processes, motivation, sex and gender and aggression. The examination
of these issues will aid students in developing the ability to
understand and interact with individuals and groups in other countries
and in our own heterogeneous nation. Prerequisites or corequisites: PSY
101 (prerequisite), PSY 201 (corequisite), or equivalent social
sciences research methods course.
PSY 335 (CJS 335) Psychology & the Law
The legal system is a pervasive and important part of our lives. The
goal of this course is to help students develop an understanding of the
psychological aspects of the functioning of the system and the effects
of the legal system on us. This course will address the social
psychological aspects that impact and are impacted by the legal system.
Students will develop an understanding of many issues, including how
psychologists contribute to the law and the legal system, psychological
theories of crime, psychological issues related to the selection and
performance of police officers, the dynamics of eyewitness testimony,
jury selection and performance and confessions. Prerequisite: PSY 101
or permission of instructor.
PSY 340 Brain and Behavior (3).
A study of the relationship of the brain and body to behavior. Emphasis
is on the central nervous system. Topics include neuroanatomy, neural
cell processes, hemispheric functions, hormonal regulation of behavior,
physiological mechanisms involved in attention, arousal and sleep, and
the neural bases of emotions, learning and memory, and psychological
disorders. Prerequisites: PSY 101 or permission of the instructor.
PSY 350 Health Psychology (3).
Health psychology is a survey course exploring the relationship between
behavior and health. All topics will be covered from a bio-psychosocial
perspective, illustrating the interaction among variables within an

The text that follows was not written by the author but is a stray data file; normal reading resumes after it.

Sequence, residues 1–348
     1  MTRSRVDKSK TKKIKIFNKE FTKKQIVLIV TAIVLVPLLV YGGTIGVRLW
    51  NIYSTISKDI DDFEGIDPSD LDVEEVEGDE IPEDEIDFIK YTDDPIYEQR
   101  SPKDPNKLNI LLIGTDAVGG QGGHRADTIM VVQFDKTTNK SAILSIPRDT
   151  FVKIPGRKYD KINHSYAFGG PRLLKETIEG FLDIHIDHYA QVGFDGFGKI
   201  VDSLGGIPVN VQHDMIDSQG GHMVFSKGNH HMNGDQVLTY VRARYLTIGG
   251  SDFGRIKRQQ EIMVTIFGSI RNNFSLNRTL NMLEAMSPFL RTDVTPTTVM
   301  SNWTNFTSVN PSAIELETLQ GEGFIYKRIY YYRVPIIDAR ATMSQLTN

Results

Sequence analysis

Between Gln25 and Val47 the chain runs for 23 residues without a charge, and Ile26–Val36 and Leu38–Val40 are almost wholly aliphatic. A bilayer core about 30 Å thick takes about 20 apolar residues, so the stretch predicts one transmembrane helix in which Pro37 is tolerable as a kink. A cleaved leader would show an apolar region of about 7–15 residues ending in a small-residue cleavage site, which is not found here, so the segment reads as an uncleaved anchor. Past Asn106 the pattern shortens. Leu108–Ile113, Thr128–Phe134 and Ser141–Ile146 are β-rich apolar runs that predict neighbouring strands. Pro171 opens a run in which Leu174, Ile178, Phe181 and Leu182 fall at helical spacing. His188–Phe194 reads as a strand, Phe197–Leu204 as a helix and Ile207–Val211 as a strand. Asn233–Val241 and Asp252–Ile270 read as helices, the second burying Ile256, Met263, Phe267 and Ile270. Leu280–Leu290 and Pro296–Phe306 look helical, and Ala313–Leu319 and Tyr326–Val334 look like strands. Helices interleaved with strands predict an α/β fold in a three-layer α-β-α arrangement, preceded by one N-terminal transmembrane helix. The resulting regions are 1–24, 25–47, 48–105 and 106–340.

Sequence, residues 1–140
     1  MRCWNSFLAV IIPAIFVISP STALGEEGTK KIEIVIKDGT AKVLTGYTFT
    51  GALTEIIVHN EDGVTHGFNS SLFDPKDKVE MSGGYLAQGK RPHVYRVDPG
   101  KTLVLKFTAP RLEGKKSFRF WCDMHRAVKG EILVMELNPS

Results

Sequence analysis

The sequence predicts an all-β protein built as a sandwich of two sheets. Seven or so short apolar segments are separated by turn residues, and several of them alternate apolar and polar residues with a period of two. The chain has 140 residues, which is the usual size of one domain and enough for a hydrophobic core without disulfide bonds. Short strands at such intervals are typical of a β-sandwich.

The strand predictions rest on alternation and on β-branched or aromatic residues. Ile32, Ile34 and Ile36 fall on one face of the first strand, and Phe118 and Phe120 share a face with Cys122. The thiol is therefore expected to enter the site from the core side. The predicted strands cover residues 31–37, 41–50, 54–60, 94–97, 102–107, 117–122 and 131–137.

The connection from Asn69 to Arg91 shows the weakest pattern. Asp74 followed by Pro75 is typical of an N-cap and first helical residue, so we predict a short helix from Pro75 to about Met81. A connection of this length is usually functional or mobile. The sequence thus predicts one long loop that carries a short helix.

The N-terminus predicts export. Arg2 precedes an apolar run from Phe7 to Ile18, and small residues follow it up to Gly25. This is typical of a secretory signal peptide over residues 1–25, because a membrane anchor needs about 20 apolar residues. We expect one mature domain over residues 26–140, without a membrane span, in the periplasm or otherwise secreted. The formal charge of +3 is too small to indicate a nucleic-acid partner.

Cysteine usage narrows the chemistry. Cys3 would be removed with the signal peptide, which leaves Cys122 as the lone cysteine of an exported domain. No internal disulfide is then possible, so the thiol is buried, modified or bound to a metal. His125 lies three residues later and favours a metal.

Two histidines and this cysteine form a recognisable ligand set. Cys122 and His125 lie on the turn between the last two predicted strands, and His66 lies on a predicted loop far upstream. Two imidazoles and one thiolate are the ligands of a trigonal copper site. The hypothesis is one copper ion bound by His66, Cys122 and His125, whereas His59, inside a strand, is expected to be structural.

individual’s environment. Topics discussed within the course include:
psycho-neuroimmunology, anger/hostility and health, smoking cessation,
weight control, health care systems, heart disease, cancer, AIDS,
psychosomatic illness, gender and socio-cultural differences, stress,
pain management and alternative treatments. Prerequisite: PSY 101.
PSY 360 Human Sexuality (3).
An examination of the behavioral, emotional and cognitive components of
human sexuality. An emphasis will be placed on psychological, social,
health and legal aspects of behavior that define our human sexuality.
This course intends to help students clarify their attitude toward
their own and others’ sexuality. Areas to be investigated include
sexual values, intimacy, sexual anatomy, gender identity, STDs and
sexual variance. Prerequisite: PSY 101 or permission of the instructor.
PSY 370 (IRL 370) Organizational Psychology
See course description for IRL 370.
PSY 380 Counseling and Psychotherapy (3).
An introduction to techniques and theories of counseling and
psychotherapy. Components, which are believed to underlie effective
counseling and therapy regardless of theoretical orientation and which
are applicable to a variety of interpersonal situations, are studied in
some detail. The major theoretical approaches to counseling are
covered, and students are introduced to research on the process and
effectiveness of psychotherapy. One area in which such skills are
applied—the treatment of persons with emotional problems—will be
examined. This course does not attempt to train professional
counselors, but to provide a framework and a basis for understanding
and evaluating the counseling process from which students can, after
further training and experience, become effective counselors.
Prerequisites: PSY 101 and 280 or 302 or permission of the instructor.
PSY 390-399 Independent Study (1-3).
A student who wishes to pursue an independent study project for
academic credit must submit, prior to registration, a proposed plan of
study that includes the topic to be studied and goal to be achieved,
the methodology to be followed, schedule of supervision, end product,
evaluation procedure and number of credits sought. The proposal must be
approved by the supervising faculty member, the department chair and
the dean of arts and sciences. It will be kept on file in the dean of
arts and sciences’ office. Three hours work per week for each credit.
Hours and credit to be determined by the instructor and student.